L</indexND>. L</indexND>.
=for bad =for bad
index barfs if any of the index values are bad. index barfs if any of the index values are bad.
=cut =cut
#line 182 "Slices.pm" #line 184 "Slices.pm"
#line 1060 "../../blib/lib/PDL/PP.pm"
#line 1061 "../../blib/lib/PDL/PP.pm"
*index = \&PDL::index; *index = \&PDL::index;
#line 188 "Slices.pm" #line 191 "Slices.pm"
#line 1059 "../../blib/lib/PDL/PP.pm" #line 1058 "../../blib/lib/PDL/PP.pm"
=head2 index1d =head2 index1d
=for sig =for sig
Signature: (a(n); indx ind(m); [oca] c(m)) Signature: (a(n); indx ind(m); [oca] c(m))
=for ref =for ref
C<index>, C<index1d>, and C<index2d> provide rudimentary index indirection. C<index>, C<index1d>, and C<index2d> provide rudimentary index indirection.
=for example =for example
$c = index($source,$ind); $c = index($source,$ind);
$c = index1d($source,$ind); $c = index1d($source,$ind);
$c = index2d($source2,$ind1,$ind2); $c = index2d($source2,$ind1,$ind2);
use the C<$ind> variables as indices to look up values in C<$source>. use the C<$ind> variables as indices to look up values in C<$source>.
The three routines thread slightly differently. The three routines broadcast slightly differently.
=over 3 =over 3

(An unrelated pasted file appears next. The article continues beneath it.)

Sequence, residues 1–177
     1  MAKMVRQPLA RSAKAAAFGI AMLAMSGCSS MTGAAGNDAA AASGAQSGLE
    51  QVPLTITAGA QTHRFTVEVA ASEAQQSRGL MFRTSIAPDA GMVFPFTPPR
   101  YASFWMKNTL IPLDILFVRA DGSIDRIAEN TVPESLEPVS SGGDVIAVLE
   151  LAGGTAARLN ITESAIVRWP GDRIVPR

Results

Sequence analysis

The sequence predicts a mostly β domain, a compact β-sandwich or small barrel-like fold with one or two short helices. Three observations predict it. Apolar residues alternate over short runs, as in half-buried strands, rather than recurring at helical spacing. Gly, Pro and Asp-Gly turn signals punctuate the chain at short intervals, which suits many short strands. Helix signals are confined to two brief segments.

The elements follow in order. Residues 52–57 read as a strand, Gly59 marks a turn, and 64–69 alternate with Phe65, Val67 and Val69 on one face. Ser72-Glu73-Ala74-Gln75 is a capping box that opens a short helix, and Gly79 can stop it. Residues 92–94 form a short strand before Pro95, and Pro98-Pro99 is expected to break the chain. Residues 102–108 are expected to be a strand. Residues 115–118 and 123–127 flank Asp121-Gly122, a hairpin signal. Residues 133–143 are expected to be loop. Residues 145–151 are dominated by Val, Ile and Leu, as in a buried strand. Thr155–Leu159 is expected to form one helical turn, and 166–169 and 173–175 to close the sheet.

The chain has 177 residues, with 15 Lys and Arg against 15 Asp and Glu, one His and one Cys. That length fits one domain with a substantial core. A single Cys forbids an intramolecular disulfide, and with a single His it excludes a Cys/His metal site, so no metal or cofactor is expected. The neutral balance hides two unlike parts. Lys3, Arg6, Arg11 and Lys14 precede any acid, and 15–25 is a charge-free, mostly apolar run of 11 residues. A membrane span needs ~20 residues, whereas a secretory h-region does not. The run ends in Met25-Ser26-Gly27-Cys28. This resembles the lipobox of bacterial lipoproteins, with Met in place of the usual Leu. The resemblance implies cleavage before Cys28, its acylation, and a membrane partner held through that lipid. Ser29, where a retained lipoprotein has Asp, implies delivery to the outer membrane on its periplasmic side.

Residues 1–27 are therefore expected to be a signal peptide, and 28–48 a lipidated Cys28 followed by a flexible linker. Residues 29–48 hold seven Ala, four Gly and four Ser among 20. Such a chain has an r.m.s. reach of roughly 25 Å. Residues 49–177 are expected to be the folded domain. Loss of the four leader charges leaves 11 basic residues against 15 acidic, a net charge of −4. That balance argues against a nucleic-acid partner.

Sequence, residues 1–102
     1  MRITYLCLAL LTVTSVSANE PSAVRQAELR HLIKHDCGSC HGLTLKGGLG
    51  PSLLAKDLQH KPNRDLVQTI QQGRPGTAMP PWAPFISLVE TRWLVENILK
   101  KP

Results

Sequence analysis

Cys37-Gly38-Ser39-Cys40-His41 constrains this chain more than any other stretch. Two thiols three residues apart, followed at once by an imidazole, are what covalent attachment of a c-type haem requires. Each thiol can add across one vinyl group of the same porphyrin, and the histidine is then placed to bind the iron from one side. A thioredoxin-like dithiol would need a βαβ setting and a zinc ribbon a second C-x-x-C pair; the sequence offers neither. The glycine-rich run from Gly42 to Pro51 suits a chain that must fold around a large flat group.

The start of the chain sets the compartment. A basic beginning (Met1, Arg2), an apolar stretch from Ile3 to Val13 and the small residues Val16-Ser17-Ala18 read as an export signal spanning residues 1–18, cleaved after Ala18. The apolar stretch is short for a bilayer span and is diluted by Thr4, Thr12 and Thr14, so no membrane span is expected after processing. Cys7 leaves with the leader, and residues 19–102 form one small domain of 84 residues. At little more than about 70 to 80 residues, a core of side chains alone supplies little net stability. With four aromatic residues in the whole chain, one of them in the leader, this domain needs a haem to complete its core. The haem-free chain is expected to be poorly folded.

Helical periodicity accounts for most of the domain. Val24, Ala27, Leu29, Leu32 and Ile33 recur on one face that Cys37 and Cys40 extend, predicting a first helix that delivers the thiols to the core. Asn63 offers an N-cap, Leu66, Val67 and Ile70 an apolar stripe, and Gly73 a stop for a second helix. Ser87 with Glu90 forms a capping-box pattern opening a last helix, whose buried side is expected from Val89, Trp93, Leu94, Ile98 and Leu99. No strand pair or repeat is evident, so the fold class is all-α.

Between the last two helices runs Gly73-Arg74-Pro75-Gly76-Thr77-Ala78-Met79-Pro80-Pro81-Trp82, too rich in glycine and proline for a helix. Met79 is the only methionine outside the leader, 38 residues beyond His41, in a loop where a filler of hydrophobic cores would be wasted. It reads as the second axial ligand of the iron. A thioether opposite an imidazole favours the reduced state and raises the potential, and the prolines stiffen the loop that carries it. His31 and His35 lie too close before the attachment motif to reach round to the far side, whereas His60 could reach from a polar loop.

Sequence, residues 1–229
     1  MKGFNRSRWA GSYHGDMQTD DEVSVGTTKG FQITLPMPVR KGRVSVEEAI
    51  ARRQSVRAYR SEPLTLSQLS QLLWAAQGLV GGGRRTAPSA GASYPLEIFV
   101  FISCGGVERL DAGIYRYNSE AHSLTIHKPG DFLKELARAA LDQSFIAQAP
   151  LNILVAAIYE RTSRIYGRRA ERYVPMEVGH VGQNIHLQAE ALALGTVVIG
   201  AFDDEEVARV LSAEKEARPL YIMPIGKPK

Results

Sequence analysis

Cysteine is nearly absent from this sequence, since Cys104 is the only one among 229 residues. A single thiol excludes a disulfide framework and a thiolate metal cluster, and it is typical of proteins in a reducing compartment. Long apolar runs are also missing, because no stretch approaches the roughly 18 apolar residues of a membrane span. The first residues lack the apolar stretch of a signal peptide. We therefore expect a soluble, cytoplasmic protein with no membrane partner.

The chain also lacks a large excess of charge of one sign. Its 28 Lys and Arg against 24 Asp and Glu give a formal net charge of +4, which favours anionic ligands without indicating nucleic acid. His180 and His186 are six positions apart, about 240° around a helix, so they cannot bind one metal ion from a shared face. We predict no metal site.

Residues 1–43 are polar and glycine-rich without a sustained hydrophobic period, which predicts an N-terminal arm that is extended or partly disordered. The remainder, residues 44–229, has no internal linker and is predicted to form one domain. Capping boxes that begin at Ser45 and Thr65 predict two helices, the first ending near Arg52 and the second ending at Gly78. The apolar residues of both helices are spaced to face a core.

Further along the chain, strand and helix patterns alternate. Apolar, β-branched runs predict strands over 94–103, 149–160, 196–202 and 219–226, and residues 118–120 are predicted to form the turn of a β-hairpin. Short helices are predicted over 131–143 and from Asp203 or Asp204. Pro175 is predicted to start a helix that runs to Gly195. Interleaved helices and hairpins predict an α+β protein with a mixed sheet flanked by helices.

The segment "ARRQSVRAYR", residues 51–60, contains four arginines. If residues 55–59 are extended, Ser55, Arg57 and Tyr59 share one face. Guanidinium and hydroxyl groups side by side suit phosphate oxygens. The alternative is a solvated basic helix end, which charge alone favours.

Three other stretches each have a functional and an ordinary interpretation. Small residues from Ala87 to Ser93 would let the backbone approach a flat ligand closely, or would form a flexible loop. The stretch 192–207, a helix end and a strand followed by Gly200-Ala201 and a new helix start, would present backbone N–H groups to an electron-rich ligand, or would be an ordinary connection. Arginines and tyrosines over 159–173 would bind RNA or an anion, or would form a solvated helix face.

=item * =item *
C<index> uses direct threading for 1-D indexing across the 0 dim C<index> uses direct broadcasting for 1-D indexing across the 0 dim
of C<$source>. It can thread over source thread dims or index thread of C<$source>. It can broadcast over source broadcast dims or index broadcast
dims, but not (easily) both: If C<$source> has more than 1 dims, but not (easily) both: If C<$source> has more than 1
dimension and C<$ind> has more than 0 dimensions, they must agree in dimension and C<$ind> has more than 0 dimensions, they must agree in
a threading sense. a broadcasting sense.
=item * =item *
C<index1d> uses a single active dim in C<$ind> to produce a list of C<index1d> uses a single active dim in C<$ind> to produce a list of
indexed values in the 0 dim of the output - it is useful for indexed values in the 0 dim of the output - it is useful for
collapsing C<$source> by indexing with a single row of values along collapsing C<$source> by indexing with a single row of values along
C<$source>'s 0 dimension. The output has the same number of dims as C<$source>'s 0 dimension. The output has the same number of dims as
C<$source>. The 0 dim of the output has size 1 if C<$ind> is a C<$source>. The 0 dim of the output has size 1 if C<$ind> is a
scalar, and the same size as the 0 dim of C<$ind> if it is not. If scalar, and the same size as the 0 dim of C<$ind> if it is not. If
C<$ind> and C<$source> both have more than 1 dim, then all dims higher C<$ind> and C<$source> both have more than 1 dim, then all dims higher
than 0 must agree in a threading sense. than 0 must agree in a broadcasting sense.
=item * =item *
C<index2d> works like C<index> but uses separate ndarrays for X and Y C<index2d> works like C<index> but uses separate ndarrays for X and Y